TCM broadcast The Entertainer a while back, so I recorded it and watched it last night.
I hadn’t seen it in years. It was one of the stable of Angry Young Man, “kitchen sink” films regularly shown on local TV when I was growing up: Saturday Night and Sunday Morning, The Loneliness of the Long Distance Runner, Look Back in Anger.
The Entertainer cropped up less frequently — it’s really more about an angry old man, and therefore not as sexy as Osborne & Richardson’s other stuff.
The Entertainer is a deeply depressing movie about “life” at the lowest, tackiest dregs of show biz: the dying musical hall/holiday camp culture of post-war Britain, show here at its shabby, parochial, ration-book worst.
Almost everyone and everything is ugly, poor and shabby.
More than once, a character declares matter of factly that England is dying, and smart people — lucky people with the means to do so– are getting the hell out while they can.
(It helps to bear in mind that the Suez Crisis was a sort of mini-Vietnam War event for the English.)
You can’t disagree, and can’t help but wonder whether saving England from Hitler was worth it.
It’s something I’ve wondered a few times over the years, here on this blog.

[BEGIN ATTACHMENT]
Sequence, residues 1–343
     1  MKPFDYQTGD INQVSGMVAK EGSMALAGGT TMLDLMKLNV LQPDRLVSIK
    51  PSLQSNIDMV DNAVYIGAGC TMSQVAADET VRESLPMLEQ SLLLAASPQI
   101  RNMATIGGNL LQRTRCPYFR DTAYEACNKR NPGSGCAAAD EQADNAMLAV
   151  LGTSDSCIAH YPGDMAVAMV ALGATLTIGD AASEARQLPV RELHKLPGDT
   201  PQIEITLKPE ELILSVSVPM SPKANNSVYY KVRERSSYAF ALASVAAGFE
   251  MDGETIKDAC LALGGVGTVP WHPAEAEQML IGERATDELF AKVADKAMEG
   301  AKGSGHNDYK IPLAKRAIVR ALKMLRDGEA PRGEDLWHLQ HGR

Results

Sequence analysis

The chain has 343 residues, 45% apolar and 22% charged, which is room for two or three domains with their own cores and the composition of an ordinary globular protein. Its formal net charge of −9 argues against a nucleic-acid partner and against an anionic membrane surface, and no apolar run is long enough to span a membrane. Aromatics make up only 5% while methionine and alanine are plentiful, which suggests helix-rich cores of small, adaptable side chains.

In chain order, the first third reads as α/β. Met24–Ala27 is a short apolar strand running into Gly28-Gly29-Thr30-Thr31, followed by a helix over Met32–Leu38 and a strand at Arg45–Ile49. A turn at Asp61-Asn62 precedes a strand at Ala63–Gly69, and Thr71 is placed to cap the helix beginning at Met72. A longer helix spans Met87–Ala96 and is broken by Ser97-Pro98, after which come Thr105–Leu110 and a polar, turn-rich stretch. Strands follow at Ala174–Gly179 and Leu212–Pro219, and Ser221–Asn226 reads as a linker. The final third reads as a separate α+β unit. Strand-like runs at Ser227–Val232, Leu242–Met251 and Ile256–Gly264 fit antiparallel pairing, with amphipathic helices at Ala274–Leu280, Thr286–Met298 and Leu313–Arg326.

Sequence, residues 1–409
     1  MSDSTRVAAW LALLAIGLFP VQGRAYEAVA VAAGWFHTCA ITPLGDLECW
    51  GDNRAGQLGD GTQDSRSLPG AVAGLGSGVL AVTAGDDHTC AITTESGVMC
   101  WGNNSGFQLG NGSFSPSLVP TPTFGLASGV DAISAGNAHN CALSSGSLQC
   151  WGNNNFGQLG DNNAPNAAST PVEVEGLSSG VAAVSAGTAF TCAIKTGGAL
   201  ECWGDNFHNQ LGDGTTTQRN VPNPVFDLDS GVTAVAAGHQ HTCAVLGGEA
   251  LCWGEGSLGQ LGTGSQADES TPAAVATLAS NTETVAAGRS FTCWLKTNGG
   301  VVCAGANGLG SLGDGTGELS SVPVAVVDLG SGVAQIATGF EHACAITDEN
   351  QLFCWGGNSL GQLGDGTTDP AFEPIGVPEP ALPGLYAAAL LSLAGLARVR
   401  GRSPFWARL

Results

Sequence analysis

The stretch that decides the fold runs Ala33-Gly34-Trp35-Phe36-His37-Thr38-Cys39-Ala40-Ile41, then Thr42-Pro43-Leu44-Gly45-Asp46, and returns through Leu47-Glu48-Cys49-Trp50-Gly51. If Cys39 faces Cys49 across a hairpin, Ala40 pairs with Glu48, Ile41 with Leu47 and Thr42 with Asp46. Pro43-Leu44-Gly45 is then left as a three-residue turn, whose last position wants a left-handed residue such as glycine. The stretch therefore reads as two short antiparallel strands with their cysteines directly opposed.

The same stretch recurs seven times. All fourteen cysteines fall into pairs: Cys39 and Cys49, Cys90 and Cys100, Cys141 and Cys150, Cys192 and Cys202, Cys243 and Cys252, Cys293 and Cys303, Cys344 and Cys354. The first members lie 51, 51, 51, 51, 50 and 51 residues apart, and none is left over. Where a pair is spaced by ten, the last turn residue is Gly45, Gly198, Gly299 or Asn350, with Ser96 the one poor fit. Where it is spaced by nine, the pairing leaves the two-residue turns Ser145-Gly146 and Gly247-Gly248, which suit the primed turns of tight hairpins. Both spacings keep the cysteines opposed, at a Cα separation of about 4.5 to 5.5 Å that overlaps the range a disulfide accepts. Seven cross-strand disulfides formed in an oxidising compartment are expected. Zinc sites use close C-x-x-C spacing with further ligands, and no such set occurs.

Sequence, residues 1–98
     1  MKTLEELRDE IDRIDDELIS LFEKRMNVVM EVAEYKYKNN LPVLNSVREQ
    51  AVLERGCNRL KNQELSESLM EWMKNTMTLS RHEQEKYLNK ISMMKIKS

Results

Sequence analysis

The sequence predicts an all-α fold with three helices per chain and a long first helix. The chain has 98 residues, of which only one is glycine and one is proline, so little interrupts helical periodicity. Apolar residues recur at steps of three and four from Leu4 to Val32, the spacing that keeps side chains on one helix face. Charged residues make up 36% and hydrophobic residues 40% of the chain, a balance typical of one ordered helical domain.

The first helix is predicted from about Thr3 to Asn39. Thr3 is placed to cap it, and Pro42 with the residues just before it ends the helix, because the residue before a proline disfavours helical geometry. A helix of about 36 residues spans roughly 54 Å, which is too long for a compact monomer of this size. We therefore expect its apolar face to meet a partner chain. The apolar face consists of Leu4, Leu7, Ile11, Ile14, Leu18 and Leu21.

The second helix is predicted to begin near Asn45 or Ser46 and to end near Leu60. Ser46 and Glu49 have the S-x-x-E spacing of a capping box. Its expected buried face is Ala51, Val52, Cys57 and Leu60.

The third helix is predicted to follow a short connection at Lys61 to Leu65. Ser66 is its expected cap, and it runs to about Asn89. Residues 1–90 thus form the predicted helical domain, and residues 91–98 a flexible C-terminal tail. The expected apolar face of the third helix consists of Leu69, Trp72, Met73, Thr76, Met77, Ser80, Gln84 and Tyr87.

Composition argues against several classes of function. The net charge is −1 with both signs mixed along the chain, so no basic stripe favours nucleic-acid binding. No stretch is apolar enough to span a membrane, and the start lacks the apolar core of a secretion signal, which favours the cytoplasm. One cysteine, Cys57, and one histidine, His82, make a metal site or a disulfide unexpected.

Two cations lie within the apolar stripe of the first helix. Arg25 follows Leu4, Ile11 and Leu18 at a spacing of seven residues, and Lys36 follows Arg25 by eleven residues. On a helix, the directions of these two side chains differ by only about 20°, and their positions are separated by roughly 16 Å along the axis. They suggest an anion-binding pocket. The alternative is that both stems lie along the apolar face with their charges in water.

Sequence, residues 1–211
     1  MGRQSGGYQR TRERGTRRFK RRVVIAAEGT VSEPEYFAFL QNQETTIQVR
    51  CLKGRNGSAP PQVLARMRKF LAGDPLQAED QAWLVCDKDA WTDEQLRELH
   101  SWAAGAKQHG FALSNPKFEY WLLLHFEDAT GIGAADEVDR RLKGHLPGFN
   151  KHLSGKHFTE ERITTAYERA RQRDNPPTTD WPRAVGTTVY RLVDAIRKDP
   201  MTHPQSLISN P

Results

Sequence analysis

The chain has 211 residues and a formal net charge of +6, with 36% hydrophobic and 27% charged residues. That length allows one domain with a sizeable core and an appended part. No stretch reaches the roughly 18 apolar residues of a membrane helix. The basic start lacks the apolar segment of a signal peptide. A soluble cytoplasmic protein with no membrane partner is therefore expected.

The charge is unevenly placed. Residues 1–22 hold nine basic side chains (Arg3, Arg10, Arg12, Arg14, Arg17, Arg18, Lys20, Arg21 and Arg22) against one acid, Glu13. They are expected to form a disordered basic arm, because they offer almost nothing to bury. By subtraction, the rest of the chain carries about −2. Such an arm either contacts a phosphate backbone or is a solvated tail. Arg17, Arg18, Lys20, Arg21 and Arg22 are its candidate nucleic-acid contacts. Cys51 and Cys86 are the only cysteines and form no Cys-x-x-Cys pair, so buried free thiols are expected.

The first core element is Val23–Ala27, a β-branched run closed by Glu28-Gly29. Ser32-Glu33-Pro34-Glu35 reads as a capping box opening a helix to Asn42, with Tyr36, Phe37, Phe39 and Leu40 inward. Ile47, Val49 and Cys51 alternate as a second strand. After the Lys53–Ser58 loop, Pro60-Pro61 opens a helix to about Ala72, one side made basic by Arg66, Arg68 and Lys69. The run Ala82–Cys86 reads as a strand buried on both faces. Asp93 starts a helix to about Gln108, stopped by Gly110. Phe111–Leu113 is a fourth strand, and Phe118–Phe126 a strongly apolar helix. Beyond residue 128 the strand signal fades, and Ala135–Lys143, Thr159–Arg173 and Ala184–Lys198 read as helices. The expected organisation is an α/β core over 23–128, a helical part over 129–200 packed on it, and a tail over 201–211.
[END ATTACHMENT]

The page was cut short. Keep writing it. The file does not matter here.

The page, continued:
But The Entertainer was made in 1960. The Beatles and Beyond the Fringe and “Swinging London” were just a few years away. England would go from black and white to color.
Then tumble again, as unions and ridiculous taxation crushed the place. And then punk and Thatcher would emerge.
England is a disaster again right now. I don’t know whether or not it can pull itself together again, even superficially — and what were the 1960s if colourful and superficial, but still, entertaining for a time? Were they worth it? Did they do more harm than good?
The point is: if the young man in The Entertainer really does go to Canada, on his generous uncle’s dime, will he be tempted back in a few years?
Is today really as awful as it seems?
(PS: Shirley Ann Field is featured as one of those jolie laide English girls of 1960s British cinema here; she went on to play a notably more attractive character — the mistress — in My Beautiful Launderette.)